Impostor syndrome, the feeling that other people are over-estimating you and that you’ll be found out, is quite common. Some studies say that as many as two out of five high achievers consistently feel themselves to be a fraud, and that seventy per cent of them will feel like that at some point in their career.
Why is the impostor syndrome so common? Part of the reason may be found in the Four Stages of Learning model. This is based on the idea that people are initially unaware of how little they know, or “unconsciously incompetent”. As they realise the extent of their ignorance they move to being “consciously incompetent” and then through acquiring skills and knowledge become “consciously competent”. The final stage is when the skills and behaviours are so well learned that they can be used without conscious effort, a stage called “unconsciously competent”.
People with impostor syndrome may be mentally stuck in the second or third of the four stages. They realise how much they still have to learn, or how consciously willed their achievements are, and so discount their own ability. Even being paired with a more experienced or senior colleague doesn’t help. This can be because it reinforces the individual’s view of how little they really know, and because people tend to believe that they don’t have impostor syndrome but that they are genuinely out of their depth.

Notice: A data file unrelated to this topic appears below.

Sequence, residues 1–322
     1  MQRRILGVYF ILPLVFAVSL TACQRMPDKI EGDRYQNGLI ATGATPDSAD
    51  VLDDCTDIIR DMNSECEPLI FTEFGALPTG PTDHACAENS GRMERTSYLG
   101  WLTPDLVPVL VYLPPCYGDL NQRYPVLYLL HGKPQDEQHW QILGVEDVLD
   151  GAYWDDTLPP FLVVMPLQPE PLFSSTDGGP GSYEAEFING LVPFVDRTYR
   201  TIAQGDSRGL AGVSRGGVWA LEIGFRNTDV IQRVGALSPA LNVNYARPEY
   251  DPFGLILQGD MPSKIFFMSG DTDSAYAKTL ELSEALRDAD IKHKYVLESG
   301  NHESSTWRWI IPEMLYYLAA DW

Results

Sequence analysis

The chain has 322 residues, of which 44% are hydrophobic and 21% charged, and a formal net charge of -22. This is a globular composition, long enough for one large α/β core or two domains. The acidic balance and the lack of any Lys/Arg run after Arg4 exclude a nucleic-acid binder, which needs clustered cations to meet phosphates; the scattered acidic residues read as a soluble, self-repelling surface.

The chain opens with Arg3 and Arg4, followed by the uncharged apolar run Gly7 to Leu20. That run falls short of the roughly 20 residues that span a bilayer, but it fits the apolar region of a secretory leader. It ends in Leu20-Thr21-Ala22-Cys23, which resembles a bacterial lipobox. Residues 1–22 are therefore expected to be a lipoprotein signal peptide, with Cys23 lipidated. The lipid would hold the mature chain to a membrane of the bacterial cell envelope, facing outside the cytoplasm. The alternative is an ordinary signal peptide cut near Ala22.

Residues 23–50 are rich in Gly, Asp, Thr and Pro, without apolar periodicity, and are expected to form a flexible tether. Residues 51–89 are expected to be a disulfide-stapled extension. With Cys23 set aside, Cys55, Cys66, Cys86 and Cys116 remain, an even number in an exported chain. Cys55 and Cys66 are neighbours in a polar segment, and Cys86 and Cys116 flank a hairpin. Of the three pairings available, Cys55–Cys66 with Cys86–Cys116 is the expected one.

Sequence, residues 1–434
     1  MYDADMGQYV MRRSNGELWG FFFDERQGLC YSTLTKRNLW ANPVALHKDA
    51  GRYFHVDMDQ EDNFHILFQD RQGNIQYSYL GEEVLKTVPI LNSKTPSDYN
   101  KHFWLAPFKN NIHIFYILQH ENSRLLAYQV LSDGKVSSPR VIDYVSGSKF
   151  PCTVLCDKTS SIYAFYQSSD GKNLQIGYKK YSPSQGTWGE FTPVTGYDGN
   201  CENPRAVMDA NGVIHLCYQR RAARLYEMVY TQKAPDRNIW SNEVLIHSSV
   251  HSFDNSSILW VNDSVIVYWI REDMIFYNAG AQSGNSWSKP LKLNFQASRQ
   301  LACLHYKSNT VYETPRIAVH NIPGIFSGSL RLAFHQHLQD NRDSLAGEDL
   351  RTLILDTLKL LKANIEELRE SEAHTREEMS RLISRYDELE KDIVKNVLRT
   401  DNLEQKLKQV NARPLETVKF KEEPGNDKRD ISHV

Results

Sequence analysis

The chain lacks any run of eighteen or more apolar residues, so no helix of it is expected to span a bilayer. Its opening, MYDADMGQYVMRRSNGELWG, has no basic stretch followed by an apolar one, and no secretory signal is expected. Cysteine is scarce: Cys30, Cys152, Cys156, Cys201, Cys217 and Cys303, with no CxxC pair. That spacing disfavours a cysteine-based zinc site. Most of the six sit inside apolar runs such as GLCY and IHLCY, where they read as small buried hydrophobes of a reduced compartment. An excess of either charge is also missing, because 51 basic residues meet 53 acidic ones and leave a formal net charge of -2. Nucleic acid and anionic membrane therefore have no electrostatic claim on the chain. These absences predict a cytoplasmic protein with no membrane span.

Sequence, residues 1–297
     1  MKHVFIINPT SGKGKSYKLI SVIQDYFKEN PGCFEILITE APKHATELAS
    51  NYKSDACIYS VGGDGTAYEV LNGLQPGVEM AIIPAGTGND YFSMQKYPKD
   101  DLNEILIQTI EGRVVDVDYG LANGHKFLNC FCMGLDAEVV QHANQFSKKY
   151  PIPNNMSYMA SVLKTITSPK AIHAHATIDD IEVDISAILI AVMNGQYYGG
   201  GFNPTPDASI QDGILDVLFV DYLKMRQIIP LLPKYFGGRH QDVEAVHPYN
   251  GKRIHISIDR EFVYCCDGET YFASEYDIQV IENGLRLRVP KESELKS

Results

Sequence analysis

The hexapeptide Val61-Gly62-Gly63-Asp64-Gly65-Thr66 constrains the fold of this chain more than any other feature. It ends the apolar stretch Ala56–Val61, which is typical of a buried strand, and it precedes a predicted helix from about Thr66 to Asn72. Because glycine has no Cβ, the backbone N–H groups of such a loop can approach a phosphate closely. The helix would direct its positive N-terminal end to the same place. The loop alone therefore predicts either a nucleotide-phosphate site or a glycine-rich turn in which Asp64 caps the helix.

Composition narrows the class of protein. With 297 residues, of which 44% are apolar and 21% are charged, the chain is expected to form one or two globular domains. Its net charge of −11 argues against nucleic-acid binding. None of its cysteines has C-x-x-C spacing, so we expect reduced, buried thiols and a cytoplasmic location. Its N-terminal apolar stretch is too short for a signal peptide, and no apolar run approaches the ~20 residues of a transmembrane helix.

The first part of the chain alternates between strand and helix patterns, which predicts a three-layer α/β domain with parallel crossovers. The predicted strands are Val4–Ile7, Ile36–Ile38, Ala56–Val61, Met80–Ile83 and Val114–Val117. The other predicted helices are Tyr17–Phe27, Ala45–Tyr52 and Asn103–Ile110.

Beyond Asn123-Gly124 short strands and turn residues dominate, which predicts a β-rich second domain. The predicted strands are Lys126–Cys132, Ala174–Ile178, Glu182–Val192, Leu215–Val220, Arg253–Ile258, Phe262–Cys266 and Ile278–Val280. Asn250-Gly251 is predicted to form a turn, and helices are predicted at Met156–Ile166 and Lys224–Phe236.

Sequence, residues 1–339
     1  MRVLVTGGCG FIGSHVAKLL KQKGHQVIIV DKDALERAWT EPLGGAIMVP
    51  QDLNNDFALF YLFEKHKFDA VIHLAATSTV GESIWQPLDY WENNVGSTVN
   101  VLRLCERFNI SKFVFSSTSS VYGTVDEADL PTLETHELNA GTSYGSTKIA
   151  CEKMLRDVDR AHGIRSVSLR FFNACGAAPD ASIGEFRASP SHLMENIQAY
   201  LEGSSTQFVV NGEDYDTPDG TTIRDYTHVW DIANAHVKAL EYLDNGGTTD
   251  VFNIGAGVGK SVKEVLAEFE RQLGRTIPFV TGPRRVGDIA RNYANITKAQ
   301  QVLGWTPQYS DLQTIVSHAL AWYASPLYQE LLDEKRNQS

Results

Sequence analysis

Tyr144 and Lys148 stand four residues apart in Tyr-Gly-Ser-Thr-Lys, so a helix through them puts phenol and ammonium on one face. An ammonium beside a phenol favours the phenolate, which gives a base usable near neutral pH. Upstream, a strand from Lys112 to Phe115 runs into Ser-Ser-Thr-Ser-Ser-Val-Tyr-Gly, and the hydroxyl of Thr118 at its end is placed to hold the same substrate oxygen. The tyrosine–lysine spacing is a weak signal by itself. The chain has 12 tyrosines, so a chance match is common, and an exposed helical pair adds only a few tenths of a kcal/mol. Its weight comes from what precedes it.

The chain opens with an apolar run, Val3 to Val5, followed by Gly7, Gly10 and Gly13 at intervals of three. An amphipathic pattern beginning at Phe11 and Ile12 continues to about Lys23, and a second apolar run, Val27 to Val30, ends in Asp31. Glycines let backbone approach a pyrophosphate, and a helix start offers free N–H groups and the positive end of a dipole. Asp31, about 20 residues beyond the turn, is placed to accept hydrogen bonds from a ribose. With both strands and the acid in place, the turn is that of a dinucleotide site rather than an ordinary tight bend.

Impostor syndrome is particularly common where people take on their first job following a promotion or professional qualification. By its nature it also affects the high achieving and conscientious, the irony being that the more people suffer from it the less likely it is to actually be true. The best way to deal with impostor syndrome is to acknowledge that it exists, and then to acknowledge that you may be affected by it. Further ways of dealing with the feelings of being an impostor are to use cognitive behavioural techniques to examine the thoughts behind them and assess how valid and they are, or to use mindfulness to acknowledge the feelings without engaging with them, accepting that they will pass.
Impostor syndrome does have a polar opposite, the Dunning-Kruger effect, or ‘illusory superiority’. This is found in people who are “unconsciously incompetent” and as such overestimate their abilities and under-estimate other people’s. As Charles Darwin wrote in The Descent Of Man in 1871 “ignorance more frequently begets confidence than does knowledge”. Perhaps another way to approach impostor syndrome then is to be thankful you aren’t undeservedly confident.